from AdvoCare's Facebook Notes by AdvoCare & Ron Reynolds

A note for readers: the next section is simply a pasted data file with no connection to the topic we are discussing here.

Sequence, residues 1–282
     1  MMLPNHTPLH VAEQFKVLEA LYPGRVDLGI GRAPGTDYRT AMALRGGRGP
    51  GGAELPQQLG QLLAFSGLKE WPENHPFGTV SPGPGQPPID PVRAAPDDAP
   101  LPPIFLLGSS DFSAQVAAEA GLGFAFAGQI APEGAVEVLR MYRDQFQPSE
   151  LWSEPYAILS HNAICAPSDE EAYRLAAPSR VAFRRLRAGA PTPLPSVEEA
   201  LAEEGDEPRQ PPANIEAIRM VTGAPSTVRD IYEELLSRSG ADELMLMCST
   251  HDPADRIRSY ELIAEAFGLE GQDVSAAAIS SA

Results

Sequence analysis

A man left his home with a ladder and walked for several miles toward a dense, wooded area where he thought he remembered having built a tree house when he was a young boy. He maneuvered his ladder through the thicket to what he thought was the right tree, and propped the ladder against the tree and climbed to the top. It was then, as he could see more of where he really was, that he discovered that not only was this the wrong tree, but he was in the wrong forest. Something similar happens to lots of people; we don't carry a big ladder all the way to a distant forest only to discover we've gone to the wrong place, but many do wake up one morning, and discover that we've chosen the wrong occupation. That can be a horrifying discovery - to conclude that what we chose to do many years ago hasn't turned out to be as rewarding, as exciting, and as fulfilling as we thought it would be. There was a moment in my life when I felt trapped in a job that simply was not feeding my spirit, and it wasn't enabling me to earn enough to keep up with ever-increasing expenses. There is such a thing as being able to "see the future in advance," and at age thirty-two, with my future moving in upon me. I was weary of being told when I could take a vacation, when I could eat lunch, when to take a break, when I had to arrive at work, when I could go home, when - or if - I would get a raise, and who I was to take orders from. It seemed to me to be a form of enslavement, and I knew it was time to change. On impulse one day, I wrote a letter of resignation and then went home to tell my wife. Good fortune smiled upon me and I found a new position at another company doing very much the same thing, although the pay was much better. I still didn't know what I wanted to do, but I did know what I didn't want to do anymore, and once again luck visited me and I went to a meeting involving a "business opportunity" and after one year, became a full-time distributor. That led me to do what I do today, and my life has surely been blessed. Through this whole process, I was at least smart enough to "follow the still, small voice." I knew what I did not want to do anymore, and I simply kept listening to a subtle, persuasive and whispering voice that seemed to be guiding me to make some crucial decisions. I often wonder about those who keep doing "what they don't want to do" as I had for about a dozen years. If you are one who feels captured by your circumstances as I was, I would offer a reminder; a job is where you work just hard enough to keep getting fired and the boss pays you just enough to keep you from quitting. That is not a way to live, and there are other choices that can lead to better - and sometimes challenging - changes, if you will make some serious choices. Or, you can stay and do what circumstance forces you to do. We all must make our own decisions about what's best for us and for our family, but for me, I have a strong conviction; we can limit our dreams so they conform to the level of our income, or we can find something that can expand our income to the level of our dreams and then commit ourselves to its attainment. We call such an approach "taking more control over the quality of your own life." My conclusion is simple; it's easy for us to find ourselves with the ladder of our life up against what we thought was the correct tree only to find that we're in the wrong forest. And, if you think the pain of change is too difficult, try the pain of not changing.